Dallas' purchase of 1,000 body cameras latest Taser boost

Police body cameras are becoming a huge business
Police body cameras are becoming a huge business

Law enforcement agencies around the country are realizing that they need their officers to wear body cameras. And that's great news for Taser.

The Dallas Police Department just placed an order for 1,000 of Taser's Axon body wearable cameras over the next three years, and 400 of them will ship this quarter.

Taser said this is the third-largest order ever. Only the Cleveland and Charlotte-Mecklenburg, N.C., police departments have bought more Axons. The company said that more than 41,000 Axons have been purchased by over 3,000 agencies so far.

While Taser (TASR) is probably best known for its stun guns, the company's Axon unit is growing much more rapidly than its weapons division.

Axon sales rose 73% in the first quarter compared to an 18% increase for Taser's stun guns and other weapons.

Taser also announced big orders for Axon -- as well as its Evidence.com digital management service -- from police departments in Portsmouth, Va., Vallejo, Calif., Salt Lake City and New Orleans this quarter.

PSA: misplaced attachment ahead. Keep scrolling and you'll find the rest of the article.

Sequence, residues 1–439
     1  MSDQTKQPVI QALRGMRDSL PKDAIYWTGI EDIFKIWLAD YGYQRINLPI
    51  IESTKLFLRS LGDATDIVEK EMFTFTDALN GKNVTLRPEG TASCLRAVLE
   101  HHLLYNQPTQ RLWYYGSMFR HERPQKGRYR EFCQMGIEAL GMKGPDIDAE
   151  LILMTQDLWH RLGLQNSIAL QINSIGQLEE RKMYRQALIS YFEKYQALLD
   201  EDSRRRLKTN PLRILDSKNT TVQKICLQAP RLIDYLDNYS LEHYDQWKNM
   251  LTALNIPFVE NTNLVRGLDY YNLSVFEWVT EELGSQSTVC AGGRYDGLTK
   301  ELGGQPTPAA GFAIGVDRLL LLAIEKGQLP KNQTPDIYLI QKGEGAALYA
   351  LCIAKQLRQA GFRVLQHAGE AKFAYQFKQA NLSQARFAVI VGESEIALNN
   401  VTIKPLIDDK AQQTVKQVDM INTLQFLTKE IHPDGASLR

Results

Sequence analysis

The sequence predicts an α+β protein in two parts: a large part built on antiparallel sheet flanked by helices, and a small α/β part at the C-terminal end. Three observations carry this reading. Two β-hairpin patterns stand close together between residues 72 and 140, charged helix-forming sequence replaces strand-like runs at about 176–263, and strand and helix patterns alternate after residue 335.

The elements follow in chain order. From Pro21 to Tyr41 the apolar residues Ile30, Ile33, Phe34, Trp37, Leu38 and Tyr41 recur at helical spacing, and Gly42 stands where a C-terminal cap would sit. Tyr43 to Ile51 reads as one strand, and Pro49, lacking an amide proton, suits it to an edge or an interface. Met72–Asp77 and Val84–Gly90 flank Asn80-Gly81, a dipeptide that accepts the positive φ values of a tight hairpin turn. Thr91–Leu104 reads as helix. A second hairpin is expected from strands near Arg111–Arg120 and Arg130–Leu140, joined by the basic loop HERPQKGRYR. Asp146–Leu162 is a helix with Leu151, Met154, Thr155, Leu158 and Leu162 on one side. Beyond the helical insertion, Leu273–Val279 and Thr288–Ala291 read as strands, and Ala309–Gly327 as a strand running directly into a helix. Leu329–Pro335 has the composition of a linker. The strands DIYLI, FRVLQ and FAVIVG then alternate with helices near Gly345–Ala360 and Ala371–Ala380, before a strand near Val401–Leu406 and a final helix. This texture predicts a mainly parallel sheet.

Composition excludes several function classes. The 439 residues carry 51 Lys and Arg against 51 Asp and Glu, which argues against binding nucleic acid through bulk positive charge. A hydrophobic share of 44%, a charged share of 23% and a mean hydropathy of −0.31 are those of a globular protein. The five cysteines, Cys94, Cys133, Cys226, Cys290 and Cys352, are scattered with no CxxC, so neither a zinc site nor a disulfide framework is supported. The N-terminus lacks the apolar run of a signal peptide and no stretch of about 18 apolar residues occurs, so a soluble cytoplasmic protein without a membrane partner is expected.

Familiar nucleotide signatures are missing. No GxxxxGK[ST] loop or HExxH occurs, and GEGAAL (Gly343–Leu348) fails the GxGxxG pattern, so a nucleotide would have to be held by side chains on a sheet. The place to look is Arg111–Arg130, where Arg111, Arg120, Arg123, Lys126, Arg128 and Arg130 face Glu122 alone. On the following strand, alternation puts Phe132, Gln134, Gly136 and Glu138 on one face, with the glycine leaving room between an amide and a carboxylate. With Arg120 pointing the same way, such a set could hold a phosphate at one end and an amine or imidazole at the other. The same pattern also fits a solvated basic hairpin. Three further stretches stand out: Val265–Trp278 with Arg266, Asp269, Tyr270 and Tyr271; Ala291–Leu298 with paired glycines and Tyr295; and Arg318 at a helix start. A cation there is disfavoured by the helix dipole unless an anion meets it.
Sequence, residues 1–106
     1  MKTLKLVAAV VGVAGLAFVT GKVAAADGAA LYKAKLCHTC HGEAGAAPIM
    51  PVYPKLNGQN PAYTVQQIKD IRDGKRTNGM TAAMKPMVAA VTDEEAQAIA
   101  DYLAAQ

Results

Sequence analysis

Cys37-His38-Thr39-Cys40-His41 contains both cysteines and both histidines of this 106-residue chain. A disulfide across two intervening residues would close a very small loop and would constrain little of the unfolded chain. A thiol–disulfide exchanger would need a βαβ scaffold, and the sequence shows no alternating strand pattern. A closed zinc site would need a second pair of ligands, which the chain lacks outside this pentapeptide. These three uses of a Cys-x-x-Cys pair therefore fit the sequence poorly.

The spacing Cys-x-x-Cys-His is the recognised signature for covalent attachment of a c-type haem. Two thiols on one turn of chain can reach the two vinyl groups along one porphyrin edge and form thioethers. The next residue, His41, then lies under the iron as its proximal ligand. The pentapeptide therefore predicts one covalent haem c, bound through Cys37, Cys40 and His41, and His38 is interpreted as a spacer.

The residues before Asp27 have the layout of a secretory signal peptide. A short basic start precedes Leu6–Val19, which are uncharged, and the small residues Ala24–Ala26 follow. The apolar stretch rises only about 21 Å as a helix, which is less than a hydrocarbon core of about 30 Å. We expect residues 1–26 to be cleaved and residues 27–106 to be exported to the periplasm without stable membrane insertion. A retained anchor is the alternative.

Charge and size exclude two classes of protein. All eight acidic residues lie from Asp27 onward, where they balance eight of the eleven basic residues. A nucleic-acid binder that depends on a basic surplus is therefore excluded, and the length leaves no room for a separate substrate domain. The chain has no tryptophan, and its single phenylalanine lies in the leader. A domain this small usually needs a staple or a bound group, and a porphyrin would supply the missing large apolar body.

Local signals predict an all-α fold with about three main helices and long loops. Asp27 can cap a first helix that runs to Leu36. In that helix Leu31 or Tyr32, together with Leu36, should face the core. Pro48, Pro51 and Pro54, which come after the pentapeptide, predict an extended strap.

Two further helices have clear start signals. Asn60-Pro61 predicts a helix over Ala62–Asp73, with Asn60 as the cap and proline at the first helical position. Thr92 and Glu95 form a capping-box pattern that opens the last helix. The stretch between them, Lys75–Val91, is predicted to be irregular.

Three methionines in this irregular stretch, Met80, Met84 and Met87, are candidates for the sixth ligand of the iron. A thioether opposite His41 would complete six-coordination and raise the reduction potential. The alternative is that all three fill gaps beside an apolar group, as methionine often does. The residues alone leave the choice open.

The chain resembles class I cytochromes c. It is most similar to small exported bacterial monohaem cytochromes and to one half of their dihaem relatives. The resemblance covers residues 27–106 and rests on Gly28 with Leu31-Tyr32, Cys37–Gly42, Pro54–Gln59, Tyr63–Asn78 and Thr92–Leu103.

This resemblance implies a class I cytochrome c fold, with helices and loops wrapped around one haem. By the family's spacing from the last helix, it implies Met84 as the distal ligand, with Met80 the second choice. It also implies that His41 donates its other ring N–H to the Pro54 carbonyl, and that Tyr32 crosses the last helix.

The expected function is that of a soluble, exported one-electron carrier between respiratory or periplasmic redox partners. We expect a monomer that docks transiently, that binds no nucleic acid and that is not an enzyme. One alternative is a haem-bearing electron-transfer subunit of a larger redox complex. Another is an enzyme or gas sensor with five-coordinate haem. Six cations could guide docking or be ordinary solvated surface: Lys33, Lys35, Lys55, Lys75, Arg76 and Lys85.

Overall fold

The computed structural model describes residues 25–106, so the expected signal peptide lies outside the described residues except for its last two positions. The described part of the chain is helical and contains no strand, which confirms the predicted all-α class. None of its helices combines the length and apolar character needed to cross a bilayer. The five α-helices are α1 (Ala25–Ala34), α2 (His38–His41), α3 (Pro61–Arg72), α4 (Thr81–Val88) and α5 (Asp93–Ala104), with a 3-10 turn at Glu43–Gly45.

Related: Taser says 16 major cities now have body cameras for police

Shares of Taser were up more than 2% Thursday following the Dallas news. The stock has soared more than 30% so far in 2015 and 155% over the past 12 months.

Demand for body cameras has increased following the deaths of black men at the hand of police officers in the past year in Ferguson, Mo., Staten Island, N.Y., Charleston and Baltimore.

Democratic presidential candidate Hillary Clinton has called for body cameras to be mandatory for all police officers.

That's a reason why shares of another smaller company that makes a competing line of body cameras, Digital Ally (DGLY), have surged more than 350% in the past year as well.

Related: Why Baltimore police officers were not wearing digital cameras

The stock rose more than 10% Thursday after two Wall Street analysts initiated coverage on the company with buy ratings.

Of course, we are a long way from having all cops wearing body cameras. There are many concerns that could prevent that from happening.

Many smaller cities and towns may not be able to afford the cameras, or the massive amounts of digital storage they'll need for all the videos they are recording.

There will obviously be major privacy concerns as well if police are recording everything, but video footage could help innocent suspects as well as officers.

"We see several benefits to using body-worn cameras, including transparency and increased police-community trust, officer protection from false allegations and invaluable evidence for an investigation and prosecution," said Dallas Police Department Assistant Chief Thomas Lawrence in a statement about the Axon purchases.

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